Operative correction of complete rectal prolapse in children is rarely indicated. However, in adults (especially in older age groups), effective operative repair is worthwhile. Relatively commonly, rectal prolapse is found to be associated with or related to neurologic and psychiatric disorders as well as degenerative arteriosclerotic diseases. True prolapse of the rectum involves a herniation of the pouch of Douglas through the dilated and incompetent sphincter muscles. To correct this defect, the hernial pouch must be eliminated and the weakened pelvic floor strengthened. Obliteration of the pouch of Douglas and fixation of the rectum can be accomplished by a perineal, abdominal, or combined approach.
True prolapse of the rectum starts as an internal intussusception at the level of the levator muscles anteriorly. The rectum slides from this weak point through the anal canal. A true prolapse can be identified by circular rings of the prolapsed rectum because all layers of the bowel are present. In a first-degree prolapse, only the mucosa of the bowel is prolapsed, which is usually identified by three radial folds rather than circumferential folds. Rectal prolapse, if allowed to persist, can result in dilatation and incompetent anal sphincters. Prolapse is often present in elderly women who have perineal descent and weakness of the pelvis floor muscles. Perineal descent often may be associated with either a rectocele or a cystocele. There is frequently an antecedent history of multiple pregnancies and pelvis surgery, including hysterectomy. Operative correction by the perineal approach is usually reserved for individuals who are elderly and who would otherwise be unable to tolerate a sigmoid colectomy and rectopexy, which is the ideal repair for this problem.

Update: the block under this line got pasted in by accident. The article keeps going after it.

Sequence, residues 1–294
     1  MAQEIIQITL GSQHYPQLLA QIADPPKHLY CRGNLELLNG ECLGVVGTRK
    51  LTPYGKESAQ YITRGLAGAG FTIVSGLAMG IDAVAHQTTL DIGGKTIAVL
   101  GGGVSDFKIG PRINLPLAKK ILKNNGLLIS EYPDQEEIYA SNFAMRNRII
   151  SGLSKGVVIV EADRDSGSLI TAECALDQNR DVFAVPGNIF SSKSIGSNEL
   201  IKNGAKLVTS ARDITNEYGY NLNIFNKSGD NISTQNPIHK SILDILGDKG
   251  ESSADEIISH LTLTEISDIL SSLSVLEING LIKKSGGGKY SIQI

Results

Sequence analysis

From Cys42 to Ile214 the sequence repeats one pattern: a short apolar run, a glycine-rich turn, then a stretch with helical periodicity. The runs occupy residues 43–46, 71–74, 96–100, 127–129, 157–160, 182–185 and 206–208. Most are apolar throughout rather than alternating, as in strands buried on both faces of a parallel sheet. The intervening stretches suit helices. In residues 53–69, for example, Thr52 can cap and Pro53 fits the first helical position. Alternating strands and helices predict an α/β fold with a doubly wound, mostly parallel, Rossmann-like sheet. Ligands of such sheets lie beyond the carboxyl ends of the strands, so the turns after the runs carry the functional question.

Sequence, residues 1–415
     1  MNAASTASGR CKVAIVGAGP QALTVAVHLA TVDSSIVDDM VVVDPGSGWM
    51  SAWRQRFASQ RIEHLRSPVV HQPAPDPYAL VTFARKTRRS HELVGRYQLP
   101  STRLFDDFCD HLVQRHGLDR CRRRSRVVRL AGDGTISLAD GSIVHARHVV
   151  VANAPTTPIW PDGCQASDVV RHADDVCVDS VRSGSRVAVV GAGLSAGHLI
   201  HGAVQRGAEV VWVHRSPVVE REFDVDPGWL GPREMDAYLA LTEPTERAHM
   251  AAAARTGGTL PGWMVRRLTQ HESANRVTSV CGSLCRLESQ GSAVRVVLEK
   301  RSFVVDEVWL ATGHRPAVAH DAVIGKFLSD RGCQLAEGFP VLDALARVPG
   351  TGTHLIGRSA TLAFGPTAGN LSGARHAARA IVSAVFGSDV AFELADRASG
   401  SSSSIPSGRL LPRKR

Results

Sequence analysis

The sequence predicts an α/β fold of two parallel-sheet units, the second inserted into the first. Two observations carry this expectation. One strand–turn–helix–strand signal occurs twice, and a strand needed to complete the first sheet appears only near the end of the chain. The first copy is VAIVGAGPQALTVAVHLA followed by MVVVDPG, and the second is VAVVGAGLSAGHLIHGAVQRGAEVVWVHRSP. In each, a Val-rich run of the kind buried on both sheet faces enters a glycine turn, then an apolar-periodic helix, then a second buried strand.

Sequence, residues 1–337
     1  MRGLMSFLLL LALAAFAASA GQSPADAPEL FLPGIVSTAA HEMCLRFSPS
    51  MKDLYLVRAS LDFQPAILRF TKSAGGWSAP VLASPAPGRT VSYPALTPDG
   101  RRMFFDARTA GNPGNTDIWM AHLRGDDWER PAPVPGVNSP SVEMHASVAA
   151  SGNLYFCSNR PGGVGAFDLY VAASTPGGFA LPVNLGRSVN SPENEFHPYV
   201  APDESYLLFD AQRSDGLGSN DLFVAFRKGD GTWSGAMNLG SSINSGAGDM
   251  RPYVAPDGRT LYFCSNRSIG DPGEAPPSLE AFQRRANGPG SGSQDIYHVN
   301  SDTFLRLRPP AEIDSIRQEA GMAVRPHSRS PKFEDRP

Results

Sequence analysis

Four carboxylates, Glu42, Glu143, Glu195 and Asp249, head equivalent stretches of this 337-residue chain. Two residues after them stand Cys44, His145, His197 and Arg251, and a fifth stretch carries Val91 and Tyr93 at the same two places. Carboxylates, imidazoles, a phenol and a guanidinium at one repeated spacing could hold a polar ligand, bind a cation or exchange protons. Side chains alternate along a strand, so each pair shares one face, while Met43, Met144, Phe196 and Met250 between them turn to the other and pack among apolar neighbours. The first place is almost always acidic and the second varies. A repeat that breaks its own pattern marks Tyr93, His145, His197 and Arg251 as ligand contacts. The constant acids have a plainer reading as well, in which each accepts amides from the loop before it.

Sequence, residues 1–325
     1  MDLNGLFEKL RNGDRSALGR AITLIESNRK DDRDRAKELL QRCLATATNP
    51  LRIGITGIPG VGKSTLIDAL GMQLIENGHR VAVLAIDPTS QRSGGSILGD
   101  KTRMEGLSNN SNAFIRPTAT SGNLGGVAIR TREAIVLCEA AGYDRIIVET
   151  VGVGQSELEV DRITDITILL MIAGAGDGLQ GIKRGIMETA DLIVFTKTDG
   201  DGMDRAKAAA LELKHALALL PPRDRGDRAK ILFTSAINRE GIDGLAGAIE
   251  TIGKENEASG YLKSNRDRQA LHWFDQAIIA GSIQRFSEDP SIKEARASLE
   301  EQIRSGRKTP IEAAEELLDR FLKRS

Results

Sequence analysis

Colonoscopy or a barium enema and sigmoidoscopic examination are essential. The use of a low-residue diet, cathartics, and enemas is necessary to obtain a clean and empty large bowel. The prolapse is reduced, and the reduction is sustained by the application of a T-binder to minimize the associated edema and encourage healing of any superficial ulcerations. The procedure requires a complete bowel prep including both mechanical cleansing and oral and preoperative intravenous antibiotics.
General or spinal anesthesia is satisfactory, but general anesthesia is usually preferred.
The patient is placed in a lithotomy position with the legs widely separated. The table is in a slight Trendelenburg position to decrease venous ooze and enhance the anatomic dissection. Some surgeons perform the procedure with the patient in prone jackknife position rather than lithotomy.
The prolapse is reduced and the rectum irrigated with sterile saline. The skin about the perineum is cleansed in a routine manner, and sterile drapes applied. The area may be dried and a plastic drape used, if desired. The bladder is catheterized, and the catheter is left in ...